Jodi Picoult is the bestselling author of seventeen novels. She grew up in Long Island and then studied creative writing at Princeton. Following her graduation she had a series of jobs including as a technical writer for a Wall Street brokerage firm, as a copywriter at an ad agency, as an editor at a textbook publisher, and as an 8th grade English teacher - before entering Harvard to pursue a master's in education. She married Tim Van Leer, whom she had known at Princeton, and it was while she was pregnant with her first child that she wrote her first novel, Songs of the Humpback Whale. Jodi and Tim and their three children live in Hanover, New Hampshire with a dog, a rabbit, two Jersey calves, and the occasional Holstein.
No. 1 New York Times best-selling author and book-club favorite Picoult (www.-jodipicoult.com) once again tackles tough subject matters in this novel involving a wrongful birth lawsuit and centering on Willow O'Keefe, a bright young girl with a rare brittle-bone disease. A six-person cast-Celeste Ciulla, Jessica Almasy, Jim Colby, Charlotte Perry, Alma Cuervo, and Cassandra Morris-narrates beautifully. Fans of Picoult's recently film-adapted 2004 novel, My Sister's Keeper, will appreciate this especially skillfully written work, as will those who enjoy family dramas. Highly recommended. [The Atria hc was also "highly recommended" (LJ 3/15/09) and was an LJ Best Seller.]-Theresa Stoner, St. Joseph Cty. P.L., South Bend, IN Copyright 2009 Reed Business Information.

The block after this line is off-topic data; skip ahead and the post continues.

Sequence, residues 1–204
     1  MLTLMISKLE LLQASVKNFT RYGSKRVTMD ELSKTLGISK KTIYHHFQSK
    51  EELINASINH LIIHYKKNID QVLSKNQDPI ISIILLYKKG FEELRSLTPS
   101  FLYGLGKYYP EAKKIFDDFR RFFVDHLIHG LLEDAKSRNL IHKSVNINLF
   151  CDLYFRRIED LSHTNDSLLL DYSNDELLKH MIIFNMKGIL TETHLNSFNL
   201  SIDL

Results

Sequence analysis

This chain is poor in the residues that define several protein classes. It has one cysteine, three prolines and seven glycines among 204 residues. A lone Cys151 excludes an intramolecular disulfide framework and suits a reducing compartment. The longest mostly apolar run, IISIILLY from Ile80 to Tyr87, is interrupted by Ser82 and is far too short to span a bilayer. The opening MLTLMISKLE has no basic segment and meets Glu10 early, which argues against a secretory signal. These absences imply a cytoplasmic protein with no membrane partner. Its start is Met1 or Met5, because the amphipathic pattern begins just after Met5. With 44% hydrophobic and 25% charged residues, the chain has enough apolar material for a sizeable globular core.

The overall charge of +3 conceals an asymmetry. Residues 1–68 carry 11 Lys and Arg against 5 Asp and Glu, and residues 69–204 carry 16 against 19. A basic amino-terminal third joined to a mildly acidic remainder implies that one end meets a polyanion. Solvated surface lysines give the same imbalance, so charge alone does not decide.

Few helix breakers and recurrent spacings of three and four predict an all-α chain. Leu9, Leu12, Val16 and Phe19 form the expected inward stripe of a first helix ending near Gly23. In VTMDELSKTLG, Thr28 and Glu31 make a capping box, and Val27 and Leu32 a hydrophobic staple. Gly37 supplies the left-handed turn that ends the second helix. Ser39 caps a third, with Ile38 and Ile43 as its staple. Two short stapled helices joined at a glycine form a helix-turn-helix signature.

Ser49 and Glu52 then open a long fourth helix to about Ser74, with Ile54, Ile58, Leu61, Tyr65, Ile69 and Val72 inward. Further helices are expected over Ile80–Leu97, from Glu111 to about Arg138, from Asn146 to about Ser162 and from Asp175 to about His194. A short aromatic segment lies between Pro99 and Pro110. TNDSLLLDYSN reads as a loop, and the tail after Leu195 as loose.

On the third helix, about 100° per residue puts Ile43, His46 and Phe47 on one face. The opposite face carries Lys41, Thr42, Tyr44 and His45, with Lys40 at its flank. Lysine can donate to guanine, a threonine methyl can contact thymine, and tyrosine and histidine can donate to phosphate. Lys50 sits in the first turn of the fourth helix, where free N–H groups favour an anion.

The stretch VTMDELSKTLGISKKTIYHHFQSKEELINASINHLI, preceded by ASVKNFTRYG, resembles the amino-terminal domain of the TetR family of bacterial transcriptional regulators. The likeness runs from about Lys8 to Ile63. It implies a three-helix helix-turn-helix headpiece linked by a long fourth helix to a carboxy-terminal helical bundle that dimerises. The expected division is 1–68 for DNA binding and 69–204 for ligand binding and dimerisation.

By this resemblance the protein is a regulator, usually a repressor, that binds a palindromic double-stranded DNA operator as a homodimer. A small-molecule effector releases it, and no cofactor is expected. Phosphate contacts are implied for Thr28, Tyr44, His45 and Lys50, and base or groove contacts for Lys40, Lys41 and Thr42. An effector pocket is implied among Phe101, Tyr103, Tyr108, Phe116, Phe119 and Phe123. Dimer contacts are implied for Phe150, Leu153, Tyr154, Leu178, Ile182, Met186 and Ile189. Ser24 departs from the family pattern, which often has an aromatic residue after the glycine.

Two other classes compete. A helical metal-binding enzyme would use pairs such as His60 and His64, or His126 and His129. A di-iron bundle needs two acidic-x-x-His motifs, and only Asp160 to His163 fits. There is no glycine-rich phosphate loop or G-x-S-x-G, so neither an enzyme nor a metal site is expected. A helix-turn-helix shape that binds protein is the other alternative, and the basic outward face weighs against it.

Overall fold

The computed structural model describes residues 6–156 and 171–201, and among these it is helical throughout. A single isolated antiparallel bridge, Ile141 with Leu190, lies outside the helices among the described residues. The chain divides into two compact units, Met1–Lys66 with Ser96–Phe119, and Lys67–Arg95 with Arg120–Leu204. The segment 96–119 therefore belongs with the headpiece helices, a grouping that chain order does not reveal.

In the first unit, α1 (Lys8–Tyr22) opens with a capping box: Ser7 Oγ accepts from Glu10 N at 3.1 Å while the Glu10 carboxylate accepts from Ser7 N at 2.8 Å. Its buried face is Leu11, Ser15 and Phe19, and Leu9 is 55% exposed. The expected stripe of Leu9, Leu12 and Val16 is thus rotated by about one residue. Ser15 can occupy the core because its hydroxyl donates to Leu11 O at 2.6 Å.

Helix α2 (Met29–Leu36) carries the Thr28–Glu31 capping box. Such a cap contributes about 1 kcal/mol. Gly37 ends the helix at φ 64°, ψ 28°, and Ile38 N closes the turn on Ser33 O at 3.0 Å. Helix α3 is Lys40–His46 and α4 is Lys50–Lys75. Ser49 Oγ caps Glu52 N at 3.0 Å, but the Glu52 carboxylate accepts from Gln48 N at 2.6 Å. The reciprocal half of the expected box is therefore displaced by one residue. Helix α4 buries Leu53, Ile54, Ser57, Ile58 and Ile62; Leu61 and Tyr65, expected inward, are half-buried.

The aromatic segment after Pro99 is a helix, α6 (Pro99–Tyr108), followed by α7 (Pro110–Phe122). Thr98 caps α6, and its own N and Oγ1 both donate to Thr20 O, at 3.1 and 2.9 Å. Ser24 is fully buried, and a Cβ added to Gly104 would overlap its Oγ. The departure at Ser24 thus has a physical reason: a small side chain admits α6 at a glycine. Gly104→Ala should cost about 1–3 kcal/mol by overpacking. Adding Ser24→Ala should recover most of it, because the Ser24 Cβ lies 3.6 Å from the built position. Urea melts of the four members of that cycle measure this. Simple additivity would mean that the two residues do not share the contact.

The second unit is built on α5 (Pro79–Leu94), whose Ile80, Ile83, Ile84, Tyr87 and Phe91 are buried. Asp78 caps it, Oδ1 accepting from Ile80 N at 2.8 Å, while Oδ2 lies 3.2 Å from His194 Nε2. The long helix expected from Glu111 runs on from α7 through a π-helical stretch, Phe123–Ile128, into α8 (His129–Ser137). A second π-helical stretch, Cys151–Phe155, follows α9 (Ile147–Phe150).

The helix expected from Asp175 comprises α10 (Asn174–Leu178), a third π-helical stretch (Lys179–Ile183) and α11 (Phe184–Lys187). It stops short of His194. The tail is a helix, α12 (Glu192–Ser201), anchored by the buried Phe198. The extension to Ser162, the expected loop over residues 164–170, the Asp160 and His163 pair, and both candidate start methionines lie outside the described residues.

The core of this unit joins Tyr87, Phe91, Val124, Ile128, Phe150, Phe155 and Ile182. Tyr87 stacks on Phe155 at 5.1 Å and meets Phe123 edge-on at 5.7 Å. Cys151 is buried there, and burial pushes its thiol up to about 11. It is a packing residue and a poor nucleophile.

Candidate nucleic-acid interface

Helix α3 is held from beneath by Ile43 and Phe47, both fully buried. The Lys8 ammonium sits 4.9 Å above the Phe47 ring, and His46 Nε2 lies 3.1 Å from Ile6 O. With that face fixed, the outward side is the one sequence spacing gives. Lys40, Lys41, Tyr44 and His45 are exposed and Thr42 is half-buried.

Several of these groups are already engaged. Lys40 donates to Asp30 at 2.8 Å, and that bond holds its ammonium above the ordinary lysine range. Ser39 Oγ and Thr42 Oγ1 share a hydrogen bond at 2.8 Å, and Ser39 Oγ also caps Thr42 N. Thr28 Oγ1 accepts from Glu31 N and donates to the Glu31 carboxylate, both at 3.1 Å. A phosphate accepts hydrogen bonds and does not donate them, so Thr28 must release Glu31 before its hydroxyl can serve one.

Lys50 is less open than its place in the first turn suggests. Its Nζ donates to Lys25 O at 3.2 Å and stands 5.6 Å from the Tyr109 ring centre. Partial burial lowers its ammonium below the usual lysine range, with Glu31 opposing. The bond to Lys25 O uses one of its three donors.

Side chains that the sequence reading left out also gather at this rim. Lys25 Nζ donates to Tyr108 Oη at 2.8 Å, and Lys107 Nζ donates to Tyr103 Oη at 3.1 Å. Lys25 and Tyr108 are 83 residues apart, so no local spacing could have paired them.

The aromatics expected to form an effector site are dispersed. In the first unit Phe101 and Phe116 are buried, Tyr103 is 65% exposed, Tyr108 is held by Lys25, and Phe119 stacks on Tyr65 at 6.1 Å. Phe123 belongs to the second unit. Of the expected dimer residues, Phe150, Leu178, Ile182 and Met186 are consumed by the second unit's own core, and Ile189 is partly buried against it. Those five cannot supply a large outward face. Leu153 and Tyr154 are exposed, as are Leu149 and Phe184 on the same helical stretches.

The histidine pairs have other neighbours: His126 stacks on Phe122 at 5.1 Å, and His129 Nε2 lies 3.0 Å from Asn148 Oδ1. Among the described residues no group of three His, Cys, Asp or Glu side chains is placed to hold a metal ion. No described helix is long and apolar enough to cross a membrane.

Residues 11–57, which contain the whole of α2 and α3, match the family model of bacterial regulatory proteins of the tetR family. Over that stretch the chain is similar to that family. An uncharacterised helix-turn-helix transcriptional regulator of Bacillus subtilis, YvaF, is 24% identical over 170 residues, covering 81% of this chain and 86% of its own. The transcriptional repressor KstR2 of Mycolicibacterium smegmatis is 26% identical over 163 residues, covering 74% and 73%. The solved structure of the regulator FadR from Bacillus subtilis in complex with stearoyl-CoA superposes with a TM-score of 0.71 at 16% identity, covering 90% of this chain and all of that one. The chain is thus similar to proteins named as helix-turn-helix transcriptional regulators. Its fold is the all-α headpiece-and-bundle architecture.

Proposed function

Perennial bestseller Picoult (Change of Heart) delivers another engrossing family drama, spiced with her trademark blend of medicine, law and love. Charlotte and Sean O'Keefe's daughter, Willow, was born with brittle bone disease, a condition that requires Charlotte to act as full-time caregiver and has strained their emotional and financial limits. Willow's teenaged half-sister, Amelia, suffers as well, overshadowed by Willow's needs and lost in her own adolescent turmoil. When Charlotte decides to sue for wrongful birth in order to obtain a settlement to ensure Willow's future, the already strained family begins to implode. Not only is the defendant Charlotte's longtime friend, but the case requires Charlotte and Sean to claim that had they known of Willow's condition, they would have terminated the pregnancy, a statement that strikes at the core of their faith and family. Picoult individualizes the alternating voices of the narrators more believably than she has previously, and weaves in subplots to underscore the themes of hope, regret, identity and family, leading up to her signature closing twists. (Mar.) Copyright 2008 Reed Business Information.